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Novella mingles folklore and cosmic terror to spine-tingling success

Mark Cassell’s Hell Cat of the Holt expands upon the author’s Shadow Fabric mythos, placing believable characters into situations of unfathomable horror. This briskly paced novella opens with a grisly car accident in which the sighting of large black cat, the size of a panther, becomes a harbinger of doom and sets the stage for the folkloric tale that follows.

At 54 pages (minus the bonus story at the end), Hell Cat of the Holt tells a lean story of cosmic terror that, while occasionally predictable, offers strong characterization, haunting imagery, and an open-ended conclusion that promises more to come.

Hell Cat of the Holt

Cassell is a strong, confident writer with a talent for crisp sentences—and the universe around which he centers his story has chilling implications.

Anne, an accountant living in the atmospheric village of Mabley Holt, is fighting to make sense of her life. She lost her grandmother in a car accident, her grandfather passed away shortly thereafter—and to make matters worse, her beloved cat Murphy has gone missing. Readers first meet Anne in a scene that most will find relatable—she’s simply searching for her missing pet. In these opening pages, Cassell’s novella captures Anne’s quiet domestic life with sharp writing and vivid details. The mystery of the story kicks in quickly—other cats have also gone missing and a mucky black fungus has started popping up throughout the town—and Anne and her neighbors Clive and Leo must work together to discover what terror might be lurking beneath the quaint village of Mabley Holt. Like Lovecraft’s Dunwich or Charles Grant’s Oxrun Station, Cassell’s fictional village becomes a place of strange discoveries and dark family secrets.

While Anne remains a likable protagonist struggling to cope with loss, her elderly neighbor Clive carries a lonesome grief of his own. Clive lost his wife Janice shortly before Anne returned to the village. Now, the old man claims to have ghostly visions of Janice appearing before him—and even Anne believes she has seen the dead woman in the shadowy gloom. As Anne and Clive begin to piece together all of these seemingly connected details, they begin a rapid descent into a frightening netherworld that holds the most sinister of clues. Leo’s knowledge of the Shadow Fabric—which includes elements of witchcraft and supernatural evil—also contributes to Anne’s understanding of her plight.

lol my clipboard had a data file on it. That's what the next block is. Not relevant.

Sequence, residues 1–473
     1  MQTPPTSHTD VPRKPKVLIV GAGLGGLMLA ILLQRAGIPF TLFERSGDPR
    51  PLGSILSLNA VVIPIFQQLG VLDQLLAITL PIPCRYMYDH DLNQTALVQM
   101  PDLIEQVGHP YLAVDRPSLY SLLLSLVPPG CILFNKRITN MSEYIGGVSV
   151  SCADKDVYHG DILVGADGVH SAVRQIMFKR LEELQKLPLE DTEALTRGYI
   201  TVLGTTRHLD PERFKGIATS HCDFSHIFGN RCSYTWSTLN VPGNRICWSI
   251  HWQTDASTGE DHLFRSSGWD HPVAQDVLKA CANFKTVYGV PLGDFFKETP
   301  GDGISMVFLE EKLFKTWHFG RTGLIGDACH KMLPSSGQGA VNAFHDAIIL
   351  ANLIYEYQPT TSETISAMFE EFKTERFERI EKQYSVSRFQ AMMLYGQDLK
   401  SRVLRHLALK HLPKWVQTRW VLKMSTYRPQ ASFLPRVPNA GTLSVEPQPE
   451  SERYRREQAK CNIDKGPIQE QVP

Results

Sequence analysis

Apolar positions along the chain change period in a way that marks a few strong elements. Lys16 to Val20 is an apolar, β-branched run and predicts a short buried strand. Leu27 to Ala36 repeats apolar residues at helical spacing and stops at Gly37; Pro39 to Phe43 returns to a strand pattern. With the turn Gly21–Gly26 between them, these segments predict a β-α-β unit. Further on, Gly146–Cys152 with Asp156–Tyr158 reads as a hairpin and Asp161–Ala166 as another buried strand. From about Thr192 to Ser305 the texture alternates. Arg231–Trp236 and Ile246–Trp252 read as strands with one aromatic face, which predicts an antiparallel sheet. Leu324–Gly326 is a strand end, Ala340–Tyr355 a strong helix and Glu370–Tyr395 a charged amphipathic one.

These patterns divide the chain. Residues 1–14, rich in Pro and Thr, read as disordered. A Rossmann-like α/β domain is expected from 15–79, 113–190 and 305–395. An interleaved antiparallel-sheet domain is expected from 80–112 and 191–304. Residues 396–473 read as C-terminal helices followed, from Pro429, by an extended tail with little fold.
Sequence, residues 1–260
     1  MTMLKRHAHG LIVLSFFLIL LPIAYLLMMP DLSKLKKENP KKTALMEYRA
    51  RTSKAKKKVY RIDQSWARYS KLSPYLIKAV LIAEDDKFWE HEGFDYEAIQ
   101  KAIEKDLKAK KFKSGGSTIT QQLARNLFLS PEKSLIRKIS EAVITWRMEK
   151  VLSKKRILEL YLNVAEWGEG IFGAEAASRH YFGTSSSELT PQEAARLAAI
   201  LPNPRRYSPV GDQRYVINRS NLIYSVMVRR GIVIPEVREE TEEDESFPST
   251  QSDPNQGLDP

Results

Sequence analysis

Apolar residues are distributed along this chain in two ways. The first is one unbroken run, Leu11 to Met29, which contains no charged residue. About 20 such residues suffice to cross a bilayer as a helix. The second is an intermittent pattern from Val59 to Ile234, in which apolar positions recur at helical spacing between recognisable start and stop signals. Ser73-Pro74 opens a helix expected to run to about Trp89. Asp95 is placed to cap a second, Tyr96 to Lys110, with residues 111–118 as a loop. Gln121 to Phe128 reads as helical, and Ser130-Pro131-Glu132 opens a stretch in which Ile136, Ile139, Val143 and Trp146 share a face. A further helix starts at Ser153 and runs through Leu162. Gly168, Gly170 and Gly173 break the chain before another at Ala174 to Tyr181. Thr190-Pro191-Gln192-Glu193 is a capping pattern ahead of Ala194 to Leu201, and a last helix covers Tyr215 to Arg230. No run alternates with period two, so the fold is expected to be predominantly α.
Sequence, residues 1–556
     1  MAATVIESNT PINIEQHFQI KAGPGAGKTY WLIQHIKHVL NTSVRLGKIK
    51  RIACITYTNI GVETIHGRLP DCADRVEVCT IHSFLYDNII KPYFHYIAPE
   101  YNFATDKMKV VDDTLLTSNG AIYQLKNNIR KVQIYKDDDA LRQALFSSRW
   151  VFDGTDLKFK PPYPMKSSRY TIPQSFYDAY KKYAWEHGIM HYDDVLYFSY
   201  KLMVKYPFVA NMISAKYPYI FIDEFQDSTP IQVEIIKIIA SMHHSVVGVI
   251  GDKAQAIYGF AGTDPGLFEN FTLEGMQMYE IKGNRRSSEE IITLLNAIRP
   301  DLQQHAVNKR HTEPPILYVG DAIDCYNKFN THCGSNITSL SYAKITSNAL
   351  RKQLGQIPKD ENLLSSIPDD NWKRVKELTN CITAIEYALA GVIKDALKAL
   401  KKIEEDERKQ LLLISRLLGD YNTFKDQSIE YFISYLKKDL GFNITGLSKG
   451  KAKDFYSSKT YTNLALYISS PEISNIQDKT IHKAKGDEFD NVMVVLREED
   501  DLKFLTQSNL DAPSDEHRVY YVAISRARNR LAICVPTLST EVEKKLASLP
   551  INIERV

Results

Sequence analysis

Although the concept and fantastic imagery of the Shadow Fabric are sometimes difficult to visualize or fully understand, the novella remains grounded in the plight of real people, and it features plenty of suspenseful and eerie moments throughout.

Mark Cassell’s Hell Cat of the Holt is an entertaining read.

Some of the plot points are predictable (Anne’s discovery of certain pieces of information moves the story along but not in a surprising way), but the novella presents a unique world in which unimaginable terrors befall good people. These are characters readers will root for and whom they will hope to meet again. Fortunately, the story ends with the suggestion that this is not the last time readers will have the opportunity to unlock the grim mysteries of Mabley Holt.

Mark Cassell’s “Hell Cat of the Holt” novella is available for purchase as a paperback or Kindle Edition (free for Kindle Unlimited members) via Amazon. Click here to purchase or download. 

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